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When your toddler falls in love with the word "no," it can feel like you've run straight into a brick wall. Here are some tips from our site parents on how to get your child past "No!" and on to whatever it is you need her to do.
Offer limited choices
"We like the idea of giving choices within boundaries. For example, with our 22-month-old, if he says he's hungry, I might say 'Okay, let's have a piece of fruit. Would you like a banana or grapes?' That way he's making the choice, and either choice is a healthy one."
"'No' with a high-pitched whine is my 2-year-old's favorite way of answering any question. Then I try to change the situation for both of us. If the problem is taking a bath, I tell him he has a choice: He can either take his bath and play with his toys or go to bed. He chooses the bath every time. I think the answer is to give him choices that I can live with, but choices nonetheless."
"Another good way to get your toddler to brush his/her teeth is to get two toothbrushes. Then the choice is, 'Which toothbrush do you want to use?' It works like a charm with our 2-year-old."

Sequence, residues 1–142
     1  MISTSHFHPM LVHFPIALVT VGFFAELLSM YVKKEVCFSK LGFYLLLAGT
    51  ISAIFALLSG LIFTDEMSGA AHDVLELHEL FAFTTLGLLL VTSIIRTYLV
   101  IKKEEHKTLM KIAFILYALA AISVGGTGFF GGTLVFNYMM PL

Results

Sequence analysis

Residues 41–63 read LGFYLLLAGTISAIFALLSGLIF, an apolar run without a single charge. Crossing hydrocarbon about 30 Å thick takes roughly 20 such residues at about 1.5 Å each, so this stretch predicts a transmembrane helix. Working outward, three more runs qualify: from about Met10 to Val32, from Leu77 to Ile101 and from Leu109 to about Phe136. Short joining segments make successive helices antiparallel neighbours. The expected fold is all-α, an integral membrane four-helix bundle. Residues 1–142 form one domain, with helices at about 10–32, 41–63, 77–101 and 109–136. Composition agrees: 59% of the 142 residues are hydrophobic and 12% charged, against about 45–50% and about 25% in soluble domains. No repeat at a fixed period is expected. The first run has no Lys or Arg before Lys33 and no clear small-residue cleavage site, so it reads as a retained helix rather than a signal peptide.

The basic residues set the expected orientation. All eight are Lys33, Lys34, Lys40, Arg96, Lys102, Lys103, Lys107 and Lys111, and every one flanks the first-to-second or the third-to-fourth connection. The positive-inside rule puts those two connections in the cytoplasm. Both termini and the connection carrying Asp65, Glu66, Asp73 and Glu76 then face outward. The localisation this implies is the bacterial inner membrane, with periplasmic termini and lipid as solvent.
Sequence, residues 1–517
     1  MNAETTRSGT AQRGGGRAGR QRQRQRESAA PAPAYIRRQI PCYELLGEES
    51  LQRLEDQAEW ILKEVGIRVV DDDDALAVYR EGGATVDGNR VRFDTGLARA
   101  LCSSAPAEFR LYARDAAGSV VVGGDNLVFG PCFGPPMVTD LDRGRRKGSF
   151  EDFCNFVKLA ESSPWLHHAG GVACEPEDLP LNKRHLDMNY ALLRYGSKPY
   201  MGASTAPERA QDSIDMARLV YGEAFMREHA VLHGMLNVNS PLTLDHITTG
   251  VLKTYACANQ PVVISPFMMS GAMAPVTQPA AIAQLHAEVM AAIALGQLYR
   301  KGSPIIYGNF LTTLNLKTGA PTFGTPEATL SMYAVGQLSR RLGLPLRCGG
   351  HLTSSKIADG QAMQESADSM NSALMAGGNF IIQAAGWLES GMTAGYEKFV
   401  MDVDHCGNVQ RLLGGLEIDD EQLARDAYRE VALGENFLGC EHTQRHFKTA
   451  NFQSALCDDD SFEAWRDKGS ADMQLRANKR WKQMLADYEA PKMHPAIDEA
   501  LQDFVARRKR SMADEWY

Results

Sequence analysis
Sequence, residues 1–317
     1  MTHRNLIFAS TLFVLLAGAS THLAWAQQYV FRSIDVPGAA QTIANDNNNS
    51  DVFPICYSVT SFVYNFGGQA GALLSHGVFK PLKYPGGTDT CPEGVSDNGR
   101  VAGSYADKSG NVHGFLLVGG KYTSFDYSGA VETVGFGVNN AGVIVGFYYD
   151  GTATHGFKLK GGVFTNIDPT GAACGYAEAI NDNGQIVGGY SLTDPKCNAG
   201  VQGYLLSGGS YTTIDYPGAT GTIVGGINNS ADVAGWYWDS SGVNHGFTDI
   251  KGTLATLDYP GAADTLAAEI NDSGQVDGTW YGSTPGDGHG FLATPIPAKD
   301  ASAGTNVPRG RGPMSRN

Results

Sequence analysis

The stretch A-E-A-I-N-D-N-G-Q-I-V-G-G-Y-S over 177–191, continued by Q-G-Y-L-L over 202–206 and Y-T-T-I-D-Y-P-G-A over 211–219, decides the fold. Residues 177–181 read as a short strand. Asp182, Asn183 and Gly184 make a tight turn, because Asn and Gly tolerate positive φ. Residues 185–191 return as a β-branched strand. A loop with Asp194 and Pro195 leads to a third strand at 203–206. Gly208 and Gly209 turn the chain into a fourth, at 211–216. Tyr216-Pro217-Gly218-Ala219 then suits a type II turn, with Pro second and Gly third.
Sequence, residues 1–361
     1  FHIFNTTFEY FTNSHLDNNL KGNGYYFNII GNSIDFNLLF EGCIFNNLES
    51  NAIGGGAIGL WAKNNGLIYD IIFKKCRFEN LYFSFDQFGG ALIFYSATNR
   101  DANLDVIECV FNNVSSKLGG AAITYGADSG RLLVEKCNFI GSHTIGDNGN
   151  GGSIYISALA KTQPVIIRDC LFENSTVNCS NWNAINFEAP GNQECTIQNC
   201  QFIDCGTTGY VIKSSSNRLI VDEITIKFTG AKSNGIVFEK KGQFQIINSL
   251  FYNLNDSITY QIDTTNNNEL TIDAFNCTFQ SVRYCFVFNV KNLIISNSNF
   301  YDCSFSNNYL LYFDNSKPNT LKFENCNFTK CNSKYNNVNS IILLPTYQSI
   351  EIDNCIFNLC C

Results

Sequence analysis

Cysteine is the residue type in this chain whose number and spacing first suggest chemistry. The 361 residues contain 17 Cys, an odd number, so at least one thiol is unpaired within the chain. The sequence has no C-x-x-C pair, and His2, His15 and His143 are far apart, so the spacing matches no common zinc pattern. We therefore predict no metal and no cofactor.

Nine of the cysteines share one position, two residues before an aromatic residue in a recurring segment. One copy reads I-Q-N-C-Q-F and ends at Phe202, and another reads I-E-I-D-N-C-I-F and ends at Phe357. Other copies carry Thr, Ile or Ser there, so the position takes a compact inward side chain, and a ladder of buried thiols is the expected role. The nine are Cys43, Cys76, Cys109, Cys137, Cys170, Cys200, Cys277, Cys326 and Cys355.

"We generally avoid receiving a negative answer from our 18-month-old by not making everything a question. When it's bath time, I never ask her if she wants to go take a bath, I simply lead her up the stairs. For meals, she doesn't get a choice of what to eat. It's put on the table and if she doesn't eat it, she gets something new to try at the next meal. I think giving toddlers options sometimes allows them to assert their independence at the wrong times. I only phrase things in a question when I'm really willing to give her a choice."
Respond with humor
"My 2 1/2-year-old won't always cooperate – no surprise! For instance, I'll ask him to sit down to eat and he'll say 'No!' and laugh and start dancing around instead. That used to make me mad (okay, it still does), but I try to laugh back and say something like, 'What's going on there, Legs? You tell Bottom to sit right in that chair!' That makes him laugh and breaks his defiant mood."
"I'll ask my 19-month-old to pick up his shoes or his dirty clothes and sometimes he says no. Instead of pushing it, I start singing the 'clean-up' song, and he hops to it. I try to sing and dance around and show him what I want him to do and he does it. Of course, my husband thinks I'm a little nuts, but I've caught him doing it a time or two also."